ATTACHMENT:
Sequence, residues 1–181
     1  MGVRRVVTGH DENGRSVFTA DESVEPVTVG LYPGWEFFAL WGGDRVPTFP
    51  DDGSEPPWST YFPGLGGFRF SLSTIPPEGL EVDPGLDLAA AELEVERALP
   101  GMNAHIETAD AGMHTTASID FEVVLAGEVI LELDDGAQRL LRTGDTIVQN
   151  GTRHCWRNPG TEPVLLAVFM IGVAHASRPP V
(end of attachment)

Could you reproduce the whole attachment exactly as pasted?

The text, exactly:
Sequence, residues 1–181
     1  MGVRRVVTGH DENGRSVFTA DESVEPVTVG LYPGWEFFAL WGGDRVPTFP
    51  DDGSEPPWST YFPGLGGFRF SLSTIPPEGL EVDPGLDLAA AELEVERALP
   101  GMNAHIETAD AGMHTTASID FEVVLAGEVI LELDDGAQRL LRTGDTIVQN
   151  GTRHCWRNPG TEPVLLAVFM IGVAHASRPP V